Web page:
Jan 31 , 2019
Chimney leaking? Look for flashing problems
Figure A: Chimney flashing details
Chimneys are notorious for leaking, and the culprit is almost always the sheet metal flashings. Just ask any roofer. But it doesn’t take an expert to spot problems—simply look for water-stained ceilings or other telltale signs of leaking in the vicinity of your chimney. So what is placed around a chimney to prevent leaks?
You’ll want to install new chimney flashing if it’s missing, rusted through, falling out or completely covered with roofing tar (a typical short-term fix that’s sure to be hiding bigger problems). It’s also a good time to install new flashing when you put on new shingles because you’ll want it to last as long as the new roofing (25 to 40 years).
In this article, we’ll tell you how to order new flashing and install it on a brick chimney. Our roof has asphalt shingles, but the procedure is the same for wood shingles. Slate and tile roofs require special flashing techniques that are best left to the pros. Flashing a chimney is an advanced DIY project. For starters, you have to be comfortable working on a roof. Then you have to measure, cut and bend sheet metal to fit precisely around the chimney and layer all the parts so they shed water. Even so, if you’re handy with tools and carefully follow our instructions and diagrams, you’ll be able to flash your chimney in a day. And as far as chimney flashing repair cost goes, by doing it yourself, you’ll save hundreds of dollars.
Gather all materials first, then remove old flashing
Pry, chisel and scrape off old metal flashings and roofing cement.
Before you do anything, get your ladder, roof brackets and safety harness set up so you can work safely and efficiently on the roof. Then measure the chimney and order the saddle and flashing parts (see “How to Buy Chimney Flashing,” below).
We ordered all our 26-gauge galvanized metal flashing bent to the correct angles and dimensions from a sheet metal shop specializing in roofing. The shop did a great job. I dropped off the dimensions and three days later the stuff was ready to pick up. Even with the custom-made saddle, the flashing was inexpensive. In addition to the flashing and shingles, buy a roll of self-adhering roofing membrane (also called ice-and-water barrier), two tubes of polyurethane caulk, and a package of 25 drive-in expanding anchors from a home center or roofing store.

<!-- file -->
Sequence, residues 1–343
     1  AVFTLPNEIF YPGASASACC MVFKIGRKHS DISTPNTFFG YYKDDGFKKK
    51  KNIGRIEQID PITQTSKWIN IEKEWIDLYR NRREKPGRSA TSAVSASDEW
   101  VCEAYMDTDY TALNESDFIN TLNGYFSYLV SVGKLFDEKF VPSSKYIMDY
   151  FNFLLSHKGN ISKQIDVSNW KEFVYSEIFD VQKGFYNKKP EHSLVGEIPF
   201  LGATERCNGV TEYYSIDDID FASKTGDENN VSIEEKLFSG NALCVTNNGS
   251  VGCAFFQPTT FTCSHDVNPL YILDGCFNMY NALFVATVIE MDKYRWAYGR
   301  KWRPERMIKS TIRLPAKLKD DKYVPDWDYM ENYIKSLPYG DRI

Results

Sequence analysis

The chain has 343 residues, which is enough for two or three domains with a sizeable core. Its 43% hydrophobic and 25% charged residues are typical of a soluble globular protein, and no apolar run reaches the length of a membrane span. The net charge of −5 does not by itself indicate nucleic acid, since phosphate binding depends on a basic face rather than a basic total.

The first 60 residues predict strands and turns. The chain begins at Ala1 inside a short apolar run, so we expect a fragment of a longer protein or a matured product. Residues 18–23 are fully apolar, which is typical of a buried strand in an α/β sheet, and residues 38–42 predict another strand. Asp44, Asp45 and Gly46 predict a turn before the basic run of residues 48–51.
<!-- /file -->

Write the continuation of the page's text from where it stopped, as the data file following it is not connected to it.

Besides basic hand tools like a hammer, tape measure, 2-ft. level and square, you’ll need a few special tools for working with sheet metal and cutting and drilling masonry. Buy a good pair of straight-cutting tin snips, a 3/16-in. masonry bit and a grinder (a great excuse to buy this useful tool) or a circular saw fitted with a drycut diamond blade for grooving the mortar (Photo 7).
Don’t forget safety equipment. You’ll need a sturdy extension ladder to get on the roof, and roof brackets and top-quality 2×10 planks to work safely once you get there. For maximum safety, especially if the roof is steep or high, buy a personal fall arrest system consisting of a safety harness, lanyard, rope-grab, rope and roof anchor.
How to Find Your Roof Slope
Find the slope of the roof. Label one edge of a 2-ft. square scrap of plywood or cardboard “roof” and lay the labeled edge against the roof. Draw a level line at least 12 in. long on the plywood and label the line “run.”
Measure 12 in. along the “run” line and make a mark. Use a framing square to draw a square line from this mark down to the edge of the plywood labeled “roof.” Label this line “rise.” Measure the length of the line labeled “rise” to determine the slope, expressed as inches of rise for every 12 in. of run. In our case, the roof slope is 6 in. of rise for every 12 in. of run.